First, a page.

And, of course, putting a real price on GHG emissions would help a lot.  R&D without a carbon price is a climate policy with one hand tied behind its back.

Cross-posted from Energy Economics Exchange (tag line: Research that Informs Business and Social Policy), a blog of the Energy Institute at Haas.

Comments to “What’s Keystone XL got to do with it?

  1. If we refuse to import the tar-sands oil from Canada, we will merely be redirecting it to China and other countries. Of course, we will be able to congratulate ourselves on an important symbolic victory for the planet — and isn’t that what this is all about: feeling virtuous? The planet doesn’t care if we burn the fuel or if China does, and it cares not whether the oil is transported by pipeline or by tanker.

  2. If we want to kick the habit, we need to cut off the supply. I can’t make an argument within the confines of capitalism for my position against fossil fuels. I care about the living planet, not the economy, so I can’t meet you on your turf and try to placate you and all of the people who think like you by pretending that preventing tar sands extraction is not only good for the environment, but wise financially as well.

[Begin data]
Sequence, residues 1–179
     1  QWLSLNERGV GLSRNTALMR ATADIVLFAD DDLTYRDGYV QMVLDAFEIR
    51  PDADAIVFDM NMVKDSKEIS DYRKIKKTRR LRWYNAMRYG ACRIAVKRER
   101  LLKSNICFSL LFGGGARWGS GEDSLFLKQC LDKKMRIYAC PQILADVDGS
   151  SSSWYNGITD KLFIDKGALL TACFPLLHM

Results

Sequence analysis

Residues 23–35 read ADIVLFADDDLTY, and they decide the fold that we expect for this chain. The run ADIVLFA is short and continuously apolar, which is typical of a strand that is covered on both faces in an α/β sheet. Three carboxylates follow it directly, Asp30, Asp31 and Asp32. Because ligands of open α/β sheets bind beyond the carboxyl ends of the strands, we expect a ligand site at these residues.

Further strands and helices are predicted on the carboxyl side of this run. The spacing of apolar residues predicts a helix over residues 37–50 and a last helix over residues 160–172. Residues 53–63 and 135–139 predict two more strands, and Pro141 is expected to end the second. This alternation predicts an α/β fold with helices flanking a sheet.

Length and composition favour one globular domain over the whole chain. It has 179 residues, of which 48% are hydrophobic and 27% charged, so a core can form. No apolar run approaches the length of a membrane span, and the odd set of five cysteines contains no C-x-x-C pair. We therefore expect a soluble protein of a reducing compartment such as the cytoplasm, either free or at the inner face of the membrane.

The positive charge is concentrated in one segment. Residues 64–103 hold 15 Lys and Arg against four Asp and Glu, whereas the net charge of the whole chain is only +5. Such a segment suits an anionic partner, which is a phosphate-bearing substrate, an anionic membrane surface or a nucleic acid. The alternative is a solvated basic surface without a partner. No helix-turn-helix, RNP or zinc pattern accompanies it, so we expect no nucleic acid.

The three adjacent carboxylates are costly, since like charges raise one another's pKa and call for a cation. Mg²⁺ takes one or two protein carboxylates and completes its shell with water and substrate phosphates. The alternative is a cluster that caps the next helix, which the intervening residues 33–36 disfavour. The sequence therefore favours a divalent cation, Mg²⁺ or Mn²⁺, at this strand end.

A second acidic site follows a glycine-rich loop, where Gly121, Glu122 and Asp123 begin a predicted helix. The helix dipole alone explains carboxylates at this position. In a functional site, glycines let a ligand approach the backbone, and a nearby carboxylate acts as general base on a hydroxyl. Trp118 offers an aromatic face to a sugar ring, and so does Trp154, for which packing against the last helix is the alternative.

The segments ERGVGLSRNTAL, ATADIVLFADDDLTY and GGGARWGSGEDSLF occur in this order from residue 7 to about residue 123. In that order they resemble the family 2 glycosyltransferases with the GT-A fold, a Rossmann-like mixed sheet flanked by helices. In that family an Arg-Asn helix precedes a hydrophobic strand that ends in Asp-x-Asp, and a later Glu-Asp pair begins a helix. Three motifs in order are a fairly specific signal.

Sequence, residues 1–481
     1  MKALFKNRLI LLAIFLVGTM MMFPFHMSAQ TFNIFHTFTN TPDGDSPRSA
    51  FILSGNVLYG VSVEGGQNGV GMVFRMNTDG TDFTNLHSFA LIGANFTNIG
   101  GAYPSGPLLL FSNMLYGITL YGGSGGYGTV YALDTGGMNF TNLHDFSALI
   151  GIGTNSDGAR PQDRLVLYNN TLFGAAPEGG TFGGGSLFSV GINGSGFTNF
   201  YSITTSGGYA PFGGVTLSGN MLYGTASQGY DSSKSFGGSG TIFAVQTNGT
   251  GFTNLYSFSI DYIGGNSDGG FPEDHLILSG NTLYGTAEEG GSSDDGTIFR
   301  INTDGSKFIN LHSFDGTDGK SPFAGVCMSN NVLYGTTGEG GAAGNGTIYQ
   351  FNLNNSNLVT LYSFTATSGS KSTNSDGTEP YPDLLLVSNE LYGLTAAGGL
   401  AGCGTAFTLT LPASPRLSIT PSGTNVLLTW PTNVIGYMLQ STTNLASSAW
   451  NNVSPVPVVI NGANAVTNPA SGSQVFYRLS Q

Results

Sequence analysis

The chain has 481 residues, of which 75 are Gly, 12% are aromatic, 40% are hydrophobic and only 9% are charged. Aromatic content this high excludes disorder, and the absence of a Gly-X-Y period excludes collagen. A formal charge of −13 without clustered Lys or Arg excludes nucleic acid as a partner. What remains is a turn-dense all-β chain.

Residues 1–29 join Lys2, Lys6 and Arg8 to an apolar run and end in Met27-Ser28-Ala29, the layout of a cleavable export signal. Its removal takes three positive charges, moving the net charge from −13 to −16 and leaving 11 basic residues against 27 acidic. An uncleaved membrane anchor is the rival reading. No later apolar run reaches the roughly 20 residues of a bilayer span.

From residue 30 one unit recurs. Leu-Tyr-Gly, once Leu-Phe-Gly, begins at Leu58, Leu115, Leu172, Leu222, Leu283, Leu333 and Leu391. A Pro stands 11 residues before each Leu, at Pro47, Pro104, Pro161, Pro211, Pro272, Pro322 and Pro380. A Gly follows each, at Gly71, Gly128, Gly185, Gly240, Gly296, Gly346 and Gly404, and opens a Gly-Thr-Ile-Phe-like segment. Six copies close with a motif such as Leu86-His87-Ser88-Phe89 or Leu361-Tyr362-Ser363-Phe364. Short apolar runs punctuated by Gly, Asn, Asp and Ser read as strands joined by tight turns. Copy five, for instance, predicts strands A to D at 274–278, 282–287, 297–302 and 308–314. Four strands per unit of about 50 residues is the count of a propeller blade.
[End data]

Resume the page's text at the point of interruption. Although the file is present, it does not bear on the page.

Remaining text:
Here’s the bottom line for myself, and many other opponents to the Keystone XL pipeline: We believe that the needs of the natural world outweigh the needs of the economic system.

    I’ve seen humans live without fossil fuels, but I have never seen them live without a functioning climate, clean air, or living oceans.